Welcome to this month’s Bird Watch.
I’m one of two volunteer Ambassadors for the British Trust for Ornithology’s (BTO) Garden BirdWatch Scheme in South Wales. Each month I introduce you to a bird or other animal that you might see in your garden.
Bird of the Month: Woodpigeon
Most birds have finish-ed breeding by now but Woodpigeons are still in full-swing raising their second or third brood of the season (each clutch contains two eggs). Woodpigeons produce ‘crop milk’ for their young (similar in composition to mammalian milk) and are one of only a handful of birds to do this. The Woodpigeon has a round belly, grey upper parts and a pink breast, and is our largest pigeon. The white neck feathers below a petrol green patch aid identification, although young birds lack this plumage. When taking off in flight, the wings may make a clattering noise and you will be able to see their other distinguishing marking – white wing crescents. Woodpigeons are often seen in large flocks on farmers’ fields where they can cause economic damage to crops such as rapeseed; as a result they are often regarded as pests with large numbers being shot each year. Understandably, rural birds are wary of humans whilst their urban cousins are much bolder. The Woodpigeon may also be consider-ed a pest by many people who feed the birds due to its ability to clear the bird table of food – it can, after all, eat the same quantity of food as seven sparrows! It has a monotonous and repetitive call making it an easy one to learn – ‘coo cooo coo, coo-coo’, or as my dad taught me ‘my toe hurts cuck-oo’; a series of these calls is abruptly ended with one extra ‘oo’.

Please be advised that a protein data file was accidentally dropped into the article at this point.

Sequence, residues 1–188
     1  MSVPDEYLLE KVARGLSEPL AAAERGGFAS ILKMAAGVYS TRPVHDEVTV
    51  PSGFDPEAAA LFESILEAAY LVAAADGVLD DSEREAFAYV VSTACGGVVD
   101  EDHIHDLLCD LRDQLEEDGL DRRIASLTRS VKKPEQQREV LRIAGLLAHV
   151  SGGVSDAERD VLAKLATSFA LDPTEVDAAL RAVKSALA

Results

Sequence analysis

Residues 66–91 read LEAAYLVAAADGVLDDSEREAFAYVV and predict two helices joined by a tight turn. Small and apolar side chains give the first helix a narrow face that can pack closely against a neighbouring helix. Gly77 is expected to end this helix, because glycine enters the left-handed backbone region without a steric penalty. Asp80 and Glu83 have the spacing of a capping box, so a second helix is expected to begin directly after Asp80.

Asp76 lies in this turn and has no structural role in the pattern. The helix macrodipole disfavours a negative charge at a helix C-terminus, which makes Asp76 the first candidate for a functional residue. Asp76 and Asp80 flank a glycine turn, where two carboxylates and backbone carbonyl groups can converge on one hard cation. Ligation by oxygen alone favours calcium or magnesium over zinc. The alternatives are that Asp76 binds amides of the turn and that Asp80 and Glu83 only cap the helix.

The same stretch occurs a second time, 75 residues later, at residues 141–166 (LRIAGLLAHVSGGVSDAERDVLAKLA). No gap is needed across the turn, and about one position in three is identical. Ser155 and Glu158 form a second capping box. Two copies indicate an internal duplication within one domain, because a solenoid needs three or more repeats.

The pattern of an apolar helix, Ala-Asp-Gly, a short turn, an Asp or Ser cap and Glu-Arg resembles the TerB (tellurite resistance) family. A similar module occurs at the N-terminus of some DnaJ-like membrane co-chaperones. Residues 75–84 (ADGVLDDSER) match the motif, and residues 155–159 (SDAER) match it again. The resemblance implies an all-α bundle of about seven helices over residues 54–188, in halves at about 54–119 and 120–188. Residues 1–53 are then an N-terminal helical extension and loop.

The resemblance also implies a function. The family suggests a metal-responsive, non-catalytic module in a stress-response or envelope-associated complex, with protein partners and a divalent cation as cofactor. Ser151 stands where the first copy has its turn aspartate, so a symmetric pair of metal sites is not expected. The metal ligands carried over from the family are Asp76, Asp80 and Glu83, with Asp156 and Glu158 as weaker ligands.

Did you know?
A Woodpigeon weighs about 450g, the equivalent of a flock of 41 Blue Tits! Woodpigeons do not have to lift their heads when drinking water. The Welsh name is Ysguthan.
How to attract them to your garden:
They will readily eat cheap seed mixes, as well as kitchen scraps such as bread, whether provided on the ground or bird tables. Woodpigeons are helpful cleaners as they ‘hoover’ up any spilt food from hanging feeders.
Green (no cause for concern).
Garden BirdWatch data
show that fewer Welsh gardens are occupied by this particular bird than an average garden in Britain and Ireland.
Make Your Garden Count!
If you enjoy watching birds and other creatures in your garden, and want to help track their fortunes, then BTO Garden BirdWatch could be perfect for you. Please contact me for a free enquiry pack or to book a talk.
Happy Garden Bird Watching!
Amanda Skull, Garden BirdWatch Ambassador. Evenings and week-ends only: 07952 758293